The notion of strange bequests sent me rummaging in a spare cupboard, to look once more at the stamp collection I inherited from my father.
Whether he would have left it to anyone else is doubtful, as all my Dad’s friend’s seemed to have predeceased him, and it’s unlikely he would have left it to a society or museum.
I had expressed admiration for the collection. When shopping with Mum, in SE Asia, we were always on the lookout for stamps that Dad might like and anytime a new issue was announced by the local Post Office, we were expected to go and collect a set.
Having been made aware of Dad’s collection, I seem to have spent almost 50 years looking for stamps. It was something I thought would please my father and as there weren’t many things that did, I put some effort into it. Not that he ever expressed much excitement about my finds!
These Laotian stamps were among the first I bought.
Laos always had huge and some, quite beautiful stamps.
I found it ironic, given that Laos was such a very poor country. And still is, sadly.
My mother’s contributions were probably more appreciated, even though they seemed boring and unattractive. At the time my father had in mind to collect a complete set of one country’s stamps, meaning every stamp ever issued.
He selected Viet Nam, both North and South, as it was then.
Mum heard of a stamp dealer in Bangkok that could supply old stamps from around SE Asia. Old, they are. Beautiful, they are not!
The Vietnam collection was large but my dad soon realized that the complete “set” was unachievable.
The stamps on the right are from 1927.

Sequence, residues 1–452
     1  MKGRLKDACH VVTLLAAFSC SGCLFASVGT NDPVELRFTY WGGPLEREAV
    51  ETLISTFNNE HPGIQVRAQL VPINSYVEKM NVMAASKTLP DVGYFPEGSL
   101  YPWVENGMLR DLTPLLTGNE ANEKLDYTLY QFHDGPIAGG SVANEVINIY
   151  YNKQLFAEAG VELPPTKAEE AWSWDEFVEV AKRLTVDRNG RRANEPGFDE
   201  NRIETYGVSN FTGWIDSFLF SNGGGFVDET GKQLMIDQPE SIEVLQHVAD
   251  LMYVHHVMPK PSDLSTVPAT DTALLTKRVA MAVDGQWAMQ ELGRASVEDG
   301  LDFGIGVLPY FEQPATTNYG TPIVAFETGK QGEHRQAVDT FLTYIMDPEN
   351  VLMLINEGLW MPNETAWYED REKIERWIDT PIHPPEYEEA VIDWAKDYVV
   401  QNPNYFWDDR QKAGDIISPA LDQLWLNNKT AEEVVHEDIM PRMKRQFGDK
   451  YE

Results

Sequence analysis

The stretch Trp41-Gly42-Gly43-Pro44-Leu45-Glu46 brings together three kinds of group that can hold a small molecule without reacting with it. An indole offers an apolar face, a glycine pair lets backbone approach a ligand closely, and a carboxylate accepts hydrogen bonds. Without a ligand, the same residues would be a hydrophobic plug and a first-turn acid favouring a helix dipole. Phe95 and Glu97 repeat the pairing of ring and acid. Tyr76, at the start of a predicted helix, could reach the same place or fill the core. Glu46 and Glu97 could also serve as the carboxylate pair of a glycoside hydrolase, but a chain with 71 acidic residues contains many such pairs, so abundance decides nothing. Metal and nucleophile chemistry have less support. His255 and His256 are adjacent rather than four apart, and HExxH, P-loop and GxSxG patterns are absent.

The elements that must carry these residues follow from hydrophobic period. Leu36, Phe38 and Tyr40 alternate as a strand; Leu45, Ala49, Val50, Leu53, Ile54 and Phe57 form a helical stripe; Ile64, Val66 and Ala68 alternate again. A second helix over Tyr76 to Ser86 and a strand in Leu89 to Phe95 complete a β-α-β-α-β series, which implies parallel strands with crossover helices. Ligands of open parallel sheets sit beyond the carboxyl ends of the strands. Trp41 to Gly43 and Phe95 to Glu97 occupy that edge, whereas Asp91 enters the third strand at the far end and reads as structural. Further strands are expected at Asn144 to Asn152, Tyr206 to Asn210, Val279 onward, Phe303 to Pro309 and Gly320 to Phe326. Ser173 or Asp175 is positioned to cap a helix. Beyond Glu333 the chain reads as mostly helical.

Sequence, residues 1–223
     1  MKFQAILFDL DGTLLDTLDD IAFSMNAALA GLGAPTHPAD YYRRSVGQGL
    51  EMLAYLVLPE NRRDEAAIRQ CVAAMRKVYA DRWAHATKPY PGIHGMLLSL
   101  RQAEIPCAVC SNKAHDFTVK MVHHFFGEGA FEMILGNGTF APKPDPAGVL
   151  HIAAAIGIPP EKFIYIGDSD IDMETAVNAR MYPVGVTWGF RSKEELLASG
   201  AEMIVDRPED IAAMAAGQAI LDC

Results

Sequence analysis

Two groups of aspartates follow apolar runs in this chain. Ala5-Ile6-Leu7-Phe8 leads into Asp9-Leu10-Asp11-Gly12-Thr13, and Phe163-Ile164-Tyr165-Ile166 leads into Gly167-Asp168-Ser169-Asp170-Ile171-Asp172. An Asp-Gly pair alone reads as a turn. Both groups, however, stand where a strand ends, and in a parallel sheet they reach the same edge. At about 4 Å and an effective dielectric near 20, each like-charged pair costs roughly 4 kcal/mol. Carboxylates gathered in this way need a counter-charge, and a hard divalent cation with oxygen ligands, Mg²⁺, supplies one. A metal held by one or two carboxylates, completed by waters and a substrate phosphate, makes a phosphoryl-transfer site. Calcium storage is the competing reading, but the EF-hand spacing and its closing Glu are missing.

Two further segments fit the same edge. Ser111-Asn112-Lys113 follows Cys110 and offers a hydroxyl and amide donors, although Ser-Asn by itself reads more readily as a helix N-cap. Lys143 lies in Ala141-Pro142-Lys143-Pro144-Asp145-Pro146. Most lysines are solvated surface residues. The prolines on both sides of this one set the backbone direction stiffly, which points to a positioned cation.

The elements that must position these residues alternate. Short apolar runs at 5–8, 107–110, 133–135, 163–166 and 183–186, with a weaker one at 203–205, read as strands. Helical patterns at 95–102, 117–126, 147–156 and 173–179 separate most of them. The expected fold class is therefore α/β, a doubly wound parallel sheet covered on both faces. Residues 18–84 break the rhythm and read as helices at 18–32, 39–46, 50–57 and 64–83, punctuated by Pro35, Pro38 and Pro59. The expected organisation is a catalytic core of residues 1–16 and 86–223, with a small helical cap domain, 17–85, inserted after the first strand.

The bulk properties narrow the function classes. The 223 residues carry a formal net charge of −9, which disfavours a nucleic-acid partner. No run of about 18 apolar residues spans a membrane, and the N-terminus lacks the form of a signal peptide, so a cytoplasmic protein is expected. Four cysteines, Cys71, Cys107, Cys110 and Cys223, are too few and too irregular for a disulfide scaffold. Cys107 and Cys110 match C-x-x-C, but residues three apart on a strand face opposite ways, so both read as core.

In those days you had to provide your own glue.
Although he gave up the idea of collecting a whole set from any one country, my dad continued to collect stamps from SE Asia when he could obtain them. In the albums, he made annotations of historical events. Each stamp is in fact a speck of history.
These Thai stamps are much nicer, don’t you think?
Of course they were produced using modern technology.
My parents left Asia in 1965 and spent most of the next decade in Barbados where they ran a small apartment building.
I’ve come to view the collection as a sort of history of my parents movements around the globe.
While living in the West Indies, my dad took up a contract to go to Madagascar for a year, but he disliked the work and they soon returned.
My parents were still comparatively young and for the most part they were happy.
I remember those as years of sunshine and flowers.
But inevitably, my parents began to age and were tired of being responsible for looking after apartments that other people seemed always to make a mess of.
So they made the decision to move to Florida. When the stamp collection was unpacked, my dad began adding US stamps to the fairly large number he already had. These are now attractively laid out in three large albums, carefully annotated.
It all lives in a large box inside a spare cupboard and I very seldom look at it because it tends to evoke sad memories. And “one day” it won’t mean anything to anybody.